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Long considered a sport just for the ‘good ole boys,’ NASCAR driver Tia Norfleet is determined to tear down every wall until her presence is felt within the racing world. She opened up during a recent visit with rolling out TV.

Check out this black woman’s quest to forever change the face of NASCAR

DeWayne Rogers

DeWayne Rogers

I write. I create. I take photos. In my spare time, I'm also a part-time super-hero. Go figure.

1 Comment

  1. DaBum2012 on February 22, 2016 at 12:30 am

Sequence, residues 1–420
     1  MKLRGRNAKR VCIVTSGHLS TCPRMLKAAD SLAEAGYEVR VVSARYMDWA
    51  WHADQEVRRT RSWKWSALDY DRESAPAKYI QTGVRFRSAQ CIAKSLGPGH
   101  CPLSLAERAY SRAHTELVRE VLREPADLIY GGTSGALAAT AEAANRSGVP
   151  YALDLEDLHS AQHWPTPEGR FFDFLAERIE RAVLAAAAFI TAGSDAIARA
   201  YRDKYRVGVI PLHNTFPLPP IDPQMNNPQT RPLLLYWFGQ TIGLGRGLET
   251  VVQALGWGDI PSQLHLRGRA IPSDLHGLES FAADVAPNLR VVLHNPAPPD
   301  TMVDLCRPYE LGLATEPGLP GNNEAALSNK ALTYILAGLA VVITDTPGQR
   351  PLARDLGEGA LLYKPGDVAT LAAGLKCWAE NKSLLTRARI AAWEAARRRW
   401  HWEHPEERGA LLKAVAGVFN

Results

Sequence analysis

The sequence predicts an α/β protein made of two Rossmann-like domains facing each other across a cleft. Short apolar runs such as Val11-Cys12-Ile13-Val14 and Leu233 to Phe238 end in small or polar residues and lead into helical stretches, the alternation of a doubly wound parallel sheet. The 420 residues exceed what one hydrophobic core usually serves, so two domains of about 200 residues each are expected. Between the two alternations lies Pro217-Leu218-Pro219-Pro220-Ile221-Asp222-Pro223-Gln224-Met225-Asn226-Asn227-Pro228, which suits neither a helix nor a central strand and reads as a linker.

I would love to see her race, but it isn’t happening.I looked into her background a bit, and the way she’s going about it is wrong and hindered her chances of her already being where she is striving to be and that’s making it in NASCAR. In numerous articles, she stated that she will not take sponsorship from alcohol or tobacco companies because of her beliefs-big mistake #1. I understand where she’s coming from, but at the same token, she needs all the money she can get so she can practice and get into races and with her trying to launch her career, she’s not in a financial position to really tell someone no right now. Whoever was her managers are should have talked to her about this she could take the sponsorship for now until she gets big and then ditch them later on as she pleases. Then she speaks about how people don’t want to invest in something they don’t know-companies already know about her thanks to the New York Times exposing the fact that at the time she was trying to make a name for herself, she falsely stated that she was an up and coming Nationwide Series racer and fooled a lot of people ignorant of the sport into believing she was a legitimate driver and this scared a lot of sponsors away when word got out. Prior to her being exposed, she didn’t tell anyone that she had a track permit ANYONE can obtain at a local track. She should not have been doing what she was doing to get herself caught like that and should have been telling the truth the whole time and maybe companies wouldn’t be so leery in investing in her. A company’s marketing team, which is in charge of sponsorship as well, could easily do a Google search on her now to see if she’s a worthy investment and when they see all of that popping up about her, they’re not going to be handing money hand over fist to her. NASCAR however, after telling the press she was not a licensed Nationwide Series Driver, did state that they offered to have her do the Drive for Diversity program way back in 2004, but she never bothered to apply and no explanation was given as to why she never did. She’s not going to be able to do it now, the cut off age is 26 years of age and whoever her management team was that was representing her screwed up bigtime in not having her apply to it. She probably figured too since her daddy was in the sport, they would take her, but that wasn’t the case. She needs a whole new management team if she wants to make it-they obviously aren’t guiding her in the right direction and she’s had way too many missed or notched opportunities now thanks to them.